More to life than SGA

Several days after I lost, I found myself feeling inadequate, and I wondered if I really wasn’t meant to lead people. My message as a candidate was a clear, candid one, and I started to question myself as a person. Anxiety crept back into my life, and I found myself second guessing everything – my dreams, my aspirations, my field of study. I cannot tell you how many doubts crossed my mind. As I slowly began to glance around, it became apparent I wasn’t the only person who felt this way. Whether it be senate candidates who ran and didn’t get a seat, or other independents who also were pursuing executive positions, everyone was still reeling from those disastrous weeks of campaigning. I looked at these 
people, my friends, and thought to myself, “You are so much more than a title or a position.”

It dawned on me that I needed to suck it up and take my own advice. Leadership is not positional, and you don’t have to hold a position within SGA to be a leader on this campus. There are so many other avenues to serve not only students, but the community as well. I recently spoke with a student who actually had one of her ideas originally shot down by SGA, but she took the initiative herself to contact the administration in order to put her idea into action.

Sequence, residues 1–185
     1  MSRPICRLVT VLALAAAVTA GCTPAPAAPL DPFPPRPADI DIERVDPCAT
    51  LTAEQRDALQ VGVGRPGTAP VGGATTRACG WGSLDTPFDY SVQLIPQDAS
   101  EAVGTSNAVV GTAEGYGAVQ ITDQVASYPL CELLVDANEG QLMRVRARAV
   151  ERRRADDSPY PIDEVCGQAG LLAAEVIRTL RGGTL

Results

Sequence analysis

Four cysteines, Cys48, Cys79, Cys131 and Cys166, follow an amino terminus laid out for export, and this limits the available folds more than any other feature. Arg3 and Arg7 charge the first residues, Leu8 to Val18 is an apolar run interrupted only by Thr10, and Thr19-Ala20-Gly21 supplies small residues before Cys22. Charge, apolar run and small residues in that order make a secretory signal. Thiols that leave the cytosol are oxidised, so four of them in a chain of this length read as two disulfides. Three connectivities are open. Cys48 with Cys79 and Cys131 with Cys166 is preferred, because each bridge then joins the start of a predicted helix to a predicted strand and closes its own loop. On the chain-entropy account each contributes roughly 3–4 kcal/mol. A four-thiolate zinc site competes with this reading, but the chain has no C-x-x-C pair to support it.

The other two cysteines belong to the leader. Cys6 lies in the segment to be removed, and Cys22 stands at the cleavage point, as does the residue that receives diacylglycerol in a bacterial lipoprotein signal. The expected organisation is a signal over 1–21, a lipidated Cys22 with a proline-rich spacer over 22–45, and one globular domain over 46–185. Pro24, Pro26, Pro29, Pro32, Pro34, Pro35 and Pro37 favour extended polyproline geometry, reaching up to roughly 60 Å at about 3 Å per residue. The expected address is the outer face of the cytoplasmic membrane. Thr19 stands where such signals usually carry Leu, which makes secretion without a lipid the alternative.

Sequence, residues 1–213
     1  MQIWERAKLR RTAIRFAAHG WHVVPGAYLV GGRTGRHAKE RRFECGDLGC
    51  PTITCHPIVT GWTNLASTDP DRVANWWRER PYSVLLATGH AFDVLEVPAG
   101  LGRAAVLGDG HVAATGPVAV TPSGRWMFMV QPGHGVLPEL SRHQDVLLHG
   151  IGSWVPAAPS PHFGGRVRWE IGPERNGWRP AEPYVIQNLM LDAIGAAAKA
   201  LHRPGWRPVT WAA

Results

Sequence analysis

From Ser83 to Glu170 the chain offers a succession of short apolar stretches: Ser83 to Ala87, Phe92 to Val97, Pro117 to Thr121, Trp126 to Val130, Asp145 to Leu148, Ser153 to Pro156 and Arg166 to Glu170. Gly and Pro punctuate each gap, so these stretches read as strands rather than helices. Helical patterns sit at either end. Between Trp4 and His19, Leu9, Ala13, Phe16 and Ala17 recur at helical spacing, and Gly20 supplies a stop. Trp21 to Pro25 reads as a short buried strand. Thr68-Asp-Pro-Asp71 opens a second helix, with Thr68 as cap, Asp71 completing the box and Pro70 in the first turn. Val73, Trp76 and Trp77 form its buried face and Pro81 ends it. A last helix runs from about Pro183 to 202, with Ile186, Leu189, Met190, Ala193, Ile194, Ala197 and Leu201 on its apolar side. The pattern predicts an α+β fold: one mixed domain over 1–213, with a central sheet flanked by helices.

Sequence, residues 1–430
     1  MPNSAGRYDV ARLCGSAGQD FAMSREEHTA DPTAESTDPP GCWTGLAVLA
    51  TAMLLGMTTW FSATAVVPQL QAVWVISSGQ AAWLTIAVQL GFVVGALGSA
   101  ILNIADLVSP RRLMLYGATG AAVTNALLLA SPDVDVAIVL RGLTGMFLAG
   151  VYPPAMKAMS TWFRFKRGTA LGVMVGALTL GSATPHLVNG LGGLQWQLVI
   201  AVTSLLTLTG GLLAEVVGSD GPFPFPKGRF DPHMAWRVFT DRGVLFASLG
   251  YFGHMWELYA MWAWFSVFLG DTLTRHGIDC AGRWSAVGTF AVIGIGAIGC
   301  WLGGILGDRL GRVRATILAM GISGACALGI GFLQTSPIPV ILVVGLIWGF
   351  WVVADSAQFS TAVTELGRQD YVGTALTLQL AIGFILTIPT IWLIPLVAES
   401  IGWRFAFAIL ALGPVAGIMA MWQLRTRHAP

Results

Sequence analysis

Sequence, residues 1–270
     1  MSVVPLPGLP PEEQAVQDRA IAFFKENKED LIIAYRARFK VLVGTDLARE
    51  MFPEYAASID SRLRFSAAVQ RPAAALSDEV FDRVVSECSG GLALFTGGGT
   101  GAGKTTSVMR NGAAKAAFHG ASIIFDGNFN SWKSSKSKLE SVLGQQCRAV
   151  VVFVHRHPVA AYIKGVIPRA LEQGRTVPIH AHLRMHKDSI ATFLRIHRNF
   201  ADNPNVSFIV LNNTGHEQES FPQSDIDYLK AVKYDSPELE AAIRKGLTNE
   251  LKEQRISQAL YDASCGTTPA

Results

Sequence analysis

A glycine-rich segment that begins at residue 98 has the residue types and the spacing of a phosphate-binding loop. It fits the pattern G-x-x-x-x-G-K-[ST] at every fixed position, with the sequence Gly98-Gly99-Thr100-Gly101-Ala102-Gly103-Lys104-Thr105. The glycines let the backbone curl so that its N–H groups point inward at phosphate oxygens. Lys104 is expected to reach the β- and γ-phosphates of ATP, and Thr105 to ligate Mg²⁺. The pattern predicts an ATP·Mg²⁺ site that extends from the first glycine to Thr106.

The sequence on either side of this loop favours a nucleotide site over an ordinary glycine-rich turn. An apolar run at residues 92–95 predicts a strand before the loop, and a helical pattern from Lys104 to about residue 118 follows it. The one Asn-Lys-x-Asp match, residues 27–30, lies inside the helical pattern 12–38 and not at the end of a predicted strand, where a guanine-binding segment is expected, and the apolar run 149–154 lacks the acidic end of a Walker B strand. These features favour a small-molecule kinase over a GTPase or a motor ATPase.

We all have the ability and power to make sustainable change, and although my experience within SGA has been a fulfilling one, I don’t necessarily need it in order to make an impact. I have a passion for people, and I’m not going to let losing change that either. I encourage all of you who might have gotten rejected from SGA or maybe have found it just isn’t your niche, to continue striving to be a voice for change. Maybe you’re like me and you ran for a position and lost. Really bad. Learn from it, and use it to better yourself and your future endeavors. Dust yourself off and get back in the game. I suppose in reality there will be times in life when I lose a lot more than just a title. I refuse to let this moment define me. Don’t let your losses and rejections define you either.

Alex Smith is a sophomore majoring in political science. Her column runs biweekly.

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